• Hari Sreenivasan:

    What are the health consequences of this?

  • Coral Davenport:

    The health consequences are significant. The Trump administration's own analysis found that it would lead to between 444 and a thousand more deaths as a result of, of worse air pollution. So these are deaths due to, premature deaths due to things like asthma, lung disease, other respiratory diseases. On the other side, the Trump administration said their numbers found that it would lead to 3,300 fewer deaths from auto fatalities. Their idea is that as a result of this regulation, cars will be about a thousand dollars cheaper. And their calculations are that consumers who are driving older cars will be more likely to give up those older, less safe cars and be more likely to buy newer, safer cars. And so that, ultimately that would lead to fewer fatalities on the road. And that is the calculation that the administration is making. Essentially, there will be more deaths as a result of dirtier air, but fewer deaths as a result of more people driving newer cars. But you can be assured that the legal opponents of this are going to challenge that math.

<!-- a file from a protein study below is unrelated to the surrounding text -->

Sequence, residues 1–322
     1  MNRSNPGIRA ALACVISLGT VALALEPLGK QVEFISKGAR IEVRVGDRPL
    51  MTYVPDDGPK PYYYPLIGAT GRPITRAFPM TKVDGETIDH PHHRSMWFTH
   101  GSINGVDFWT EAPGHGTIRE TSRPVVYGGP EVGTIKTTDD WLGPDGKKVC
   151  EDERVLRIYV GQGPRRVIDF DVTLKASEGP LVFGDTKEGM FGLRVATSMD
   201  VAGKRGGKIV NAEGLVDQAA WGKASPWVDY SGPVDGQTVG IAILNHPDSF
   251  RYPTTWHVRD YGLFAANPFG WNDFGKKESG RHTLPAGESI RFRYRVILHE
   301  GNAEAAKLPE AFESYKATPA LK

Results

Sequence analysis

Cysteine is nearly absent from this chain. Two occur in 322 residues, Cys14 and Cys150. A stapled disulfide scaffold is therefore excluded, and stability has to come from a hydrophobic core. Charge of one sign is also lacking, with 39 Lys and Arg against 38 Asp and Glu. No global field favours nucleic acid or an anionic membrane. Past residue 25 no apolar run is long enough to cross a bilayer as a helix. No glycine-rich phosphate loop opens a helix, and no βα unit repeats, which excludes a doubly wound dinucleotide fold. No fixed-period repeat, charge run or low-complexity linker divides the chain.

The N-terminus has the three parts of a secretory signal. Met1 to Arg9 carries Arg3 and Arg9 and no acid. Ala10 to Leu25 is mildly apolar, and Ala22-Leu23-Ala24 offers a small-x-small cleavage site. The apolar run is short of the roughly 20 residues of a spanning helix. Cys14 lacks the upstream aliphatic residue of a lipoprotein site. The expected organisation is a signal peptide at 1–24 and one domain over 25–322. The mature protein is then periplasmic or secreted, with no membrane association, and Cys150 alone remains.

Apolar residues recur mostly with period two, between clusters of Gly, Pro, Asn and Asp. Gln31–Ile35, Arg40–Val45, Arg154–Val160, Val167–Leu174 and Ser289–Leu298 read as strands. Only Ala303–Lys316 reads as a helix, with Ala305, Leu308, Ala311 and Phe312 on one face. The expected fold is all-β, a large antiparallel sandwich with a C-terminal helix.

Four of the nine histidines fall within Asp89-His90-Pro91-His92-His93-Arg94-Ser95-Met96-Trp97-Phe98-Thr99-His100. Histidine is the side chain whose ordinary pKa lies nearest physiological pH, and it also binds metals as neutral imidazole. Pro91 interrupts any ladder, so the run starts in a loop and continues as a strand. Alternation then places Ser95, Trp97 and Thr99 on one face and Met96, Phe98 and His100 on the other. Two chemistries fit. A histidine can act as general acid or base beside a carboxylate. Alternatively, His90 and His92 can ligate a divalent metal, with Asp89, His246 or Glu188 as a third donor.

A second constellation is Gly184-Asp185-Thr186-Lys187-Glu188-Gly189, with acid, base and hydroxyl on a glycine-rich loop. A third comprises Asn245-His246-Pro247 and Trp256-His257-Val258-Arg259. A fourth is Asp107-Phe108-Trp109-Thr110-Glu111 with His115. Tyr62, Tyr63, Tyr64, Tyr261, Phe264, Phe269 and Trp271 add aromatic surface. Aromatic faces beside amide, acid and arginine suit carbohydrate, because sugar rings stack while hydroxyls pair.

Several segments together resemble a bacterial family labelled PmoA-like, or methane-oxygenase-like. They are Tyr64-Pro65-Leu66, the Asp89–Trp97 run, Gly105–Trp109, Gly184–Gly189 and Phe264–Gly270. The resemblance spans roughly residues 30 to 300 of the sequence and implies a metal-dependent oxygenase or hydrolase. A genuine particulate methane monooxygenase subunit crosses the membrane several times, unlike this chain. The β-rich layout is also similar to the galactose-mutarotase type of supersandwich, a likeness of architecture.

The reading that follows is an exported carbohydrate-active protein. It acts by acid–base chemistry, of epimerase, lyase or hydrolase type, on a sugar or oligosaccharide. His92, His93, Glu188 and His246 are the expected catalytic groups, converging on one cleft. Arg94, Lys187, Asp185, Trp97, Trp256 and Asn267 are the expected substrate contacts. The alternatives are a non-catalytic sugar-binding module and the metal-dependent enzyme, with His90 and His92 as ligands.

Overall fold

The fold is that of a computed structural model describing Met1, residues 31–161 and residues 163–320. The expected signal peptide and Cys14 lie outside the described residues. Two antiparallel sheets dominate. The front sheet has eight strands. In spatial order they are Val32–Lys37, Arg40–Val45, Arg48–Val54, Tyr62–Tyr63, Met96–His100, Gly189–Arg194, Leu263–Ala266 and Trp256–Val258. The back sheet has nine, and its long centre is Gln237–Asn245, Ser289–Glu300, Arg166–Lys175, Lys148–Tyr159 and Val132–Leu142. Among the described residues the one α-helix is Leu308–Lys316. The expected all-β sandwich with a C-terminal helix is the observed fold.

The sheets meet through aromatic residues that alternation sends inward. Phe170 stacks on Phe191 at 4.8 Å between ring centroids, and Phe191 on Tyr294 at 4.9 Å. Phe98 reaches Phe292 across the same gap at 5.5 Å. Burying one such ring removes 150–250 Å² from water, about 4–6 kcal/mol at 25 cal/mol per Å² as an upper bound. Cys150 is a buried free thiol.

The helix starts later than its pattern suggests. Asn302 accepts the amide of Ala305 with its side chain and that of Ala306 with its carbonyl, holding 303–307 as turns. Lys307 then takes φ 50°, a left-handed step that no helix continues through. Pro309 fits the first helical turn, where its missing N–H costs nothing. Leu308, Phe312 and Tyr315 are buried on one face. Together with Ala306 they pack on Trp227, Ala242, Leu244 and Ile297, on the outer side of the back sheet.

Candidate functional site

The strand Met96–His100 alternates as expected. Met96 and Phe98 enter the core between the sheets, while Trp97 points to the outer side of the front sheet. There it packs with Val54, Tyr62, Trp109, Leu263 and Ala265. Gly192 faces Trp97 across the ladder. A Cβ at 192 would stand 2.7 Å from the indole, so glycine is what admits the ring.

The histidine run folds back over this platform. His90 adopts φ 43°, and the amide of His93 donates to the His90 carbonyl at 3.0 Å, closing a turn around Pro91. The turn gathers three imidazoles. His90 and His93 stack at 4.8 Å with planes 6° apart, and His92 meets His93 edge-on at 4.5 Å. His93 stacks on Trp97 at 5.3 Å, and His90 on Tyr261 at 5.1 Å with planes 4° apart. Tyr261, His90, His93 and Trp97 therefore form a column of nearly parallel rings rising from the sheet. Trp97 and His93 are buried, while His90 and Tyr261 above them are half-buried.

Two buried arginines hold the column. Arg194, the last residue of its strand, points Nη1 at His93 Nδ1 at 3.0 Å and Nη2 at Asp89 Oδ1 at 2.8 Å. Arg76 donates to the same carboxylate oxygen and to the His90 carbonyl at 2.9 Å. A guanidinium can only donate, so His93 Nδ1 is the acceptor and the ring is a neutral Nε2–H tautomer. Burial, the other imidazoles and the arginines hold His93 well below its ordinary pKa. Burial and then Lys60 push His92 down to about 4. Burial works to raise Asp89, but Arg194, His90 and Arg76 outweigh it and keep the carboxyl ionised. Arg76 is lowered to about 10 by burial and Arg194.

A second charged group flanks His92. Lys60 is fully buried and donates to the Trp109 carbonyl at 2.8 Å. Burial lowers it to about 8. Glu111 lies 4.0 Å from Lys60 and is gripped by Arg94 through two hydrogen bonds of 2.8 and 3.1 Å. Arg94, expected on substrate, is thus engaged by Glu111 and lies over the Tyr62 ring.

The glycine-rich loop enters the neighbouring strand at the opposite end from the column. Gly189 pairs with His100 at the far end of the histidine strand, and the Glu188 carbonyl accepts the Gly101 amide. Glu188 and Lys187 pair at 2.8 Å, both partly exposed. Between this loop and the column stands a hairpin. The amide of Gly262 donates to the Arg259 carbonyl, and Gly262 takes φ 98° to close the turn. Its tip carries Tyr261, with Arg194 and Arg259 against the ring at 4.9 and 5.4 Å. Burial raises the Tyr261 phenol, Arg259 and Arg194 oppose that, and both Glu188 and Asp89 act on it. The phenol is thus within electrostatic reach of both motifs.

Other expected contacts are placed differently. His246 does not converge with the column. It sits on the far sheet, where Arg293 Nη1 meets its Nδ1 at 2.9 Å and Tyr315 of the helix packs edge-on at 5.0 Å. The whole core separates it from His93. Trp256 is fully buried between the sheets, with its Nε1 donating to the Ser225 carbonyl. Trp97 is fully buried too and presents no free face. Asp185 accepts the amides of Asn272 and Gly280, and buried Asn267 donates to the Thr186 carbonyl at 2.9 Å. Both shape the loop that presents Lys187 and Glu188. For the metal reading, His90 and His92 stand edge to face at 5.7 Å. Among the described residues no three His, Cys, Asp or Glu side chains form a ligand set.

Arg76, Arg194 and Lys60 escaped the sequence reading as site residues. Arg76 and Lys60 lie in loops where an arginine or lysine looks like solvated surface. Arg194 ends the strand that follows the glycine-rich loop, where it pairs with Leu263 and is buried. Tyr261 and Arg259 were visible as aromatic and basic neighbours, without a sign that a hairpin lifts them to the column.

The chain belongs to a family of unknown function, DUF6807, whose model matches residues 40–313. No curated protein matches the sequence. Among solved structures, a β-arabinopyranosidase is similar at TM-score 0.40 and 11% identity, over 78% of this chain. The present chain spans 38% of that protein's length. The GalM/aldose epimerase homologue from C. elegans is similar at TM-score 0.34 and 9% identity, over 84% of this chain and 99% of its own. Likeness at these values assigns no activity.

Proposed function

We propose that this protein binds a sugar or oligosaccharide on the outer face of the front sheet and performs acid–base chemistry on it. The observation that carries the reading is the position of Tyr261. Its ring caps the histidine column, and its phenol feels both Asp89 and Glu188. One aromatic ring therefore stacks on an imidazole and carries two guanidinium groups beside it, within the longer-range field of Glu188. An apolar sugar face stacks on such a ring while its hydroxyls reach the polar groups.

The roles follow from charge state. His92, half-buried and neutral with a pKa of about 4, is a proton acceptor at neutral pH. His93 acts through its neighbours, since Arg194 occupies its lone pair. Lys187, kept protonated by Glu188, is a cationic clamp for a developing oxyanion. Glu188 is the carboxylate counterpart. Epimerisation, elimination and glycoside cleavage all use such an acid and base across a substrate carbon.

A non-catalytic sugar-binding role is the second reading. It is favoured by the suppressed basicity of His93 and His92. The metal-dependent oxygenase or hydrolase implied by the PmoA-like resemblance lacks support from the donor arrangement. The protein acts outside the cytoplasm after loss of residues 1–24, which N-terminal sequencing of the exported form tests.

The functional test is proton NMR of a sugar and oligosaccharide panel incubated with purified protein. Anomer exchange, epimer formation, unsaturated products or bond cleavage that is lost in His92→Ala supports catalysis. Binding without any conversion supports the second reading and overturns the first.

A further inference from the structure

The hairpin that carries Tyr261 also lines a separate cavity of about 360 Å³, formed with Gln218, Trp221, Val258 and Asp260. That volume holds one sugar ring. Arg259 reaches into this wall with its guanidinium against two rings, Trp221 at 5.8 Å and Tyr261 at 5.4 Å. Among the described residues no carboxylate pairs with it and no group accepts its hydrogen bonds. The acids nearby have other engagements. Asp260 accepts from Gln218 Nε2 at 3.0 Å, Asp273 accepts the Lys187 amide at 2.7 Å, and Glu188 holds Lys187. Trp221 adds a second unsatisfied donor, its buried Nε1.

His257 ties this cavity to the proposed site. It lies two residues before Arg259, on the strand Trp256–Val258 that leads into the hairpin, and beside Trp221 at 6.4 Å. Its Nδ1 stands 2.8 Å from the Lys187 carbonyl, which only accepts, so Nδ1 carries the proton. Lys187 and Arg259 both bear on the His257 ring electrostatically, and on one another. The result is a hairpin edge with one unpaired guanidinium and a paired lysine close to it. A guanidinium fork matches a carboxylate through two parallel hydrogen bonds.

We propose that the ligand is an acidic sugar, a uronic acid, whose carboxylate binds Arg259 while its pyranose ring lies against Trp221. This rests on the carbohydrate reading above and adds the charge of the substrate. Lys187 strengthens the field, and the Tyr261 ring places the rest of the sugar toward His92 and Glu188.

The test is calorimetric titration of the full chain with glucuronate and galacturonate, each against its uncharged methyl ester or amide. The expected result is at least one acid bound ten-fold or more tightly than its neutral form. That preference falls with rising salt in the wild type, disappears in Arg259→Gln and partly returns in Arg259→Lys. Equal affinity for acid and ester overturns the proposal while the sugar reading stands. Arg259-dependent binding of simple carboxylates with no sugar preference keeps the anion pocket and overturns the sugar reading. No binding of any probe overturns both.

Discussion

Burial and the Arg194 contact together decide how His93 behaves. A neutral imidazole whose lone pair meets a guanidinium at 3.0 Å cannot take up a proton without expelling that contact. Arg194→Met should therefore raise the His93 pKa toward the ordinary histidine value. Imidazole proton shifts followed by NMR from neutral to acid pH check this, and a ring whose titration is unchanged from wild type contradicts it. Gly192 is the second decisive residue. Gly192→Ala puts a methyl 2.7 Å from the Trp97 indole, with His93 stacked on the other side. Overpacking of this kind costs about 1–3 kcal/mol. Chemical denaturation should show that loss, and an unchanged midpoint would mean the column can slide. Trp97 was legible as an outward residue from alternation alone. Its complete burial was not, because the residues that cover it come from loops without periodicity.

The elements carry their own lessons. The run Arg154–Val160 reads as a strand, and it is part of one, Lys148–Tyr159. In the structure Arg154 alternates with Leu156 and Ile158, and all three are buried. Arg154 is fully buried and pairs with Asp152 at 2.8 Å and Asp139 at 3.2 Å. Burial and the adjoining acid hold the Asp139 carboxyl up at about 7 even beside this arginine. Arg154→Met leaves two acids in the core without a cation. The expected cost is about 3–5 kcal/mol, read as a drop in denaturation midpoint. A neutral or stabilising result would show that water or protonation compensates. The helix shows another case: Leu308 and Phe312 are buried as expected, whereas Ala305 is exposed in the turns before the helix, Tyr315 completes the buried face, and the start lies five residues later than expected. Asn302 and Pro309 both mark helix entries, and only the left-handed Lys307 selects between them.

• Hari Sreenivasan:

    And finally, what about the economic consequences of adding this uncertainty in the marketplace at a time when the automakers are already trying to figure out how coronavirus, how deeply coronavirus will impact their bottom lines?

  • Coral Davenport:

    Well, here's another case where the administration's own numbers may well work against it. In the administration's own calculations they find that it could range between having an overall net benefit to the economy of about six billion dollars. That's very much as a result of those new cars being bought, fewer auto fatalities or ranging all the way to a net loss to the economy of $22 billion. And this is sort of depending on kind of what formulas you use, how much weight you put on some of these different economic consequences. And of course, those calculations were made before we entered into a public health fueled recession with a 13 percent unemployment rate. So, you know, this is going to hit an industry and an economy that is already reeling and already reeling from a public health crisis. And so it really remains to be seen what, how these numbers are actually going to play out.

  • Hari Sreenivasan:

    All right, Coral Davenport of the New York Times, thanks so much for joining us.

  • Coral Davenport:

    Thanks for having me.